Given the number and scale of our nation’s current challenges, the November election will have particular consequence. It will be a defining event. President Obama and I have very different visions for America, both of what it means to be an American today and what it will mean in the future.
Governor Mitt Romney (Photo Getty Images / Eric Thayer)
Because Super Tuesday is now in the rear view mirror, Mitt Romney supporters are breathing a little easier and enjoying a super Wednesday.
With Romney’s solid victories from Alaska to Vermont, we can see the path to the GOP nomination clearly (more on that in a moment). No rest for Governor Romney, however. He was up bright and early in Newton, MA to be interviewed on CNBC’s Squawk Box. He spoke about election results, Obama’s failed policies, jobs, economy, entitlements, and more:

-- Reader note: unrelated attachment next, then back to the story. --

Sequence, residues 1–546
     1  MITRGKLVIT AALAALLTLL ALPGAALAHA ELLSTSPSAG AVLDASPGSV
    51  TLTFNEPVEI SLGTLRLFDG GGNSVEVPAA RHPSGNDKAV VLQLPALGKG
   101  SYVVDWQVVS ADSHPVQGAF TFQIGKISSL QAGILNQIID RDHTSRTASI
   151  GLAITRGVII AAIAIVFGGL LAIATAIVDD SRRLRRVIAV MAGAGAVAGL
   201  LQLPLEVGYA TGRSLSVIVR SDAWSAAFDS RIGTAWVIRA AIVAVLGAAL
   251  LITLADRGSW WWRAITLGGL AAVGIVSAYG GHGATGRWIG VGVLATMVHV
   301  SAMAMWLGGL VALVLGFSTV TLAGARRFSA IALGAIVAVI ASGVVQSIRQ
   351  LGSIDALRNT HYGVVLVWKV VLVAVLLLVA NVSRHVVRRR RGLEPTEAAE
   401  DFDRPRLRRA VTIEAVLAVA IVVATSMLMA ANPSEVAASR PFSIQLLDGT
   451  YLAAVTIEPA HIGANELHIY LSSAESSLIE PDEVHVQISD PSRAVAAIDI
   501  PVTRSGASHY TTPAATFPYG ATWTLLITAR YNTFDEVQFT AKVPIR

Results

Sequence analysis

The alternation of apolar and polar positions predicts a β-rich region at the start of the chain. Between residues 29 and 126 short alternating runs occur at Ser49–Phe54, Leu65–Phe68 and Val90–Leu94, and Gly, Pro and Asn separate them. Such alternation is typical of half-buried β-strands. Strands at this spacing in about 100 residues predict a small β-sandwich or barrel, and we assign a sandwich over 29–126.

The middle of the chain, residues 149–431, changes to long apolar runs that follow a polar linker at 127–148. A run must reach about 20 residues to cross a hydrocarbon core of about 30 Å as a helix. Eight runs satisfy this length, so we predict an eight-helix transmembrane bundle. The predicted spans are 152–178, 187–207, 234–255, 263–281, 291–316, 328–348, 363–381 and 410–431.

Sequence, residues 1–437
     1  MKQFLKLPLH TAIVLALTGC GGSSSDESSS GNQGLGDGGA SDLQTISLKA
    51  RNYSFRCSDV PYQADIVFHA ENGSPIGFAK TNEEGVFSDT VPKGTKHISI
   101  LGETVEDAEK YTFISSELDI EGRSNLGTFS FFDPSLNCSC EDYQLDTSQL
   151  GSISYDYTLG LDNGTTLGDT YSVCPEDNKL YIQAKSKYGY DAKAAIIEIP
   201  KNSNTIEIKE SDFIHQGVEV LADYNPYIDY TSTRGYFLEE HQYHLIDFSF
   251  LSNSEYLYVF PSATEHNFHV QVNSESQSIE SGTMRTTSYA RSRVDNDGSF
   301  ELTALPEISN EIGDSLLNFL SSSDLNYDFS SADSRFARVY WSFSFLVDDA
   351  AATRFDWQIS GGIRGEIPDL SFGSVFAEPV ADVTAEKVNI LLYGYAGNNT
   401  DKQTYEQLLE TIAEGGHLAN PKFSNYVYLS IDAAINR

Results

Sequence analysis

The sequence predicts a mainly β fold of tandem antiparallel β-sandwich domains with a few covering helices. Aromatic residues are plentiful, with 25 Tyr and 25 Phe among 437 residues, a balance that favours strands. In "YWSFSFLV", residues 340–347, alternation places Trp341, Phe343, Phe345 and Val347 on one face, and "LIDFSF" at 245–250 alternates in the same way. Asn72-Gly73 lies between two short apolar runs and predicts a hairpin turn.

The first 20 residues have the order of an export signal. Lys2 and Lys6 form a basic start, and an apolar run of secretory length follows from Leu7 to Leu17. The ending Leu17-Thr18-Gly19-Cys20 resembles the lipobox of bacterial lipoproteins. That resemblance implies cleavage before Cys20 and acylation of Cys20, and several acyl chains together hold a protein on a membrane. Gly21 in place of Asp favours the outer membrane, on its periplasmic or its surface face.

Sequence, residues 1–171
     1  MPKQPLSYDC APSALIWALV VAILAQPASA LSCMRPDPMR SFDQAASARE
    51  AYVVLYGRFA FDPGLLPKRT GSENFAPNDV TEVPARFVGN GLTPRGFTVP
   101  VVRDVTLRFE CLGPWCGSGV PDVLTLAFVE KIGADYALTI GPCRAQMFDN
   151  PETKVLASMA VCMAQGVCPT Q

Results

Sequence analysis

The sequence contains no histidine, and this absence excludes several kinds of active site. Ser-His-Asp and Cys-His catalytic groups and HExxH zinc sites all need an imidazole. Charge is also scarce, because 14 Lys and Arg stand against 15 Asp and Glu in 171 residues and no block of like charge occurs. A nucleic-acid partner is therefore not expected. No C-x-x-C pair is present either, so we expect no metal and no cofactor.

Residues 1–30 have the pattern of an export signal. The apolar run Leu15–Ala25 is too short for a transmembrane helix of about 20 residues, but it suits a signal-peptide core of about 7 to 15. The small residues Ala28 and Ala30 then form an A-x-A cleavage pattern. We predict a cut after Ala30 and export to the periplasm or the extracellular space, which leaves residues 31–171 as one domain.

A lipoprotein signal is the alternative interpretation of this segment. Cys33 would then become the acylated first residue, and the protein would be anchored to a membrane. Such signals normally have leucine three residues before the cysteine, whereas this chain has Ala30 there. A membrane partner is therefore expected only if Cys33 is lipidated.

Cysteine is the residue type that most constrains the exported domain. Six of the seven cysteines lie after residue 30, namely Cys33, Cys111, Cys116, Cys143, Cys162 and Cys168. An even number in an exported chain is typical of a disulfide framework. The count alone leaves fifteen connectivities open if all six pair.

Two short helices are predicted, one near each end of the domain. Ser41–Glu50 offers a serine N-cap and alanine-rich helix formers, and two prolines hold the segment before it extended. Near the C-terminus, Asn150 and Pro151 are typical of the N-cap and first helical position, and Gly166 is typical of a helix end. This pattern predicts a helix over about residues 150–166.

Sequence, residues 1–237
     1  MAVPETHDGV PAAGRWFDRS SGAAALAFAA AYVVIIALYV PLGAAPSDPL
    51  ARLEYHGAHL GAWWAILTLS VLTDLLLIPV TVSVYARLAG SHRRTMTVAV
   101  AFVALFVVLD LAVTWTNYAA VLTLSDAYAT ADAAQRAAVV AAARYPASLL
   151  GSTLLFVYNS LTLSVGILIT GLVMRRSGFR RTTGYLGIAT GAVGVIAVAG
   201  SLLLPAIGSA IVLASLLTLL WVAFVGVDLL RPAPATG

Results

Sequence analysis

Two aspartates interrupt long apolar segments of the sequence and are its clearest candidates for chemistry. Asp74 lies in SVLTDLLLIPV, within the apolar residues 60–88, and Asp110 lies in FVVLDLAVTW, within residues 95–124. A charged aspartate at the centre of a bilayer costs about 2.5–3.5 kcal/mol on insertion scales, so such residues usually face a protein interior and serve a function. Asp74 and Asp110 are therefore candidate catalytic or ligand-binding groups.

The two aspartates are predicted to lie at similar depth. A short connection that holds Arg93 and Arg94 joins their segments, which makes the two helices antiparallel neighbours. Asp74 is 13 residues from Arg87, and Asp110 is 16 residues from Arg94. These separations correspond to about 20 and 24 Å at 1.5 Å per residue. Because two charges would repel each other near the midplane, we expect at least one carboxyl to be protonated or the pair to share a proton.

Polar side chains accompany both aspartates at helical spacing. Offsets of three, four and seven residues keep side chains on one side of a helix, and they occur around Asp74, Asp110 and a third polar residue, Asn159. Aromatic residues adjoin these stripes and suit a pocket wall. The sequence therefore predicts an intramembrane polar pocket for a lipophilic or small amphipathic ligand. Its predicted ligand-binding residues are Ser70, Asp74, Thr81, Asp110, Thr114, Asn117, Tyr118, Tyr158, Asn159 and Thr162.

● Romney on uniting different factions of the party if he’s the nominee:
“. . . When we we have a nominee, we will come together because Barack Obama has organized a conservative community. … The community organizer has organized us in a big way. We’re going to come together because we really believe he needs to be replaced – that he’s over his head, that the debt he’s amassed, the jobs he has not created – suggest that this is a guy whose time has come for early retirement.”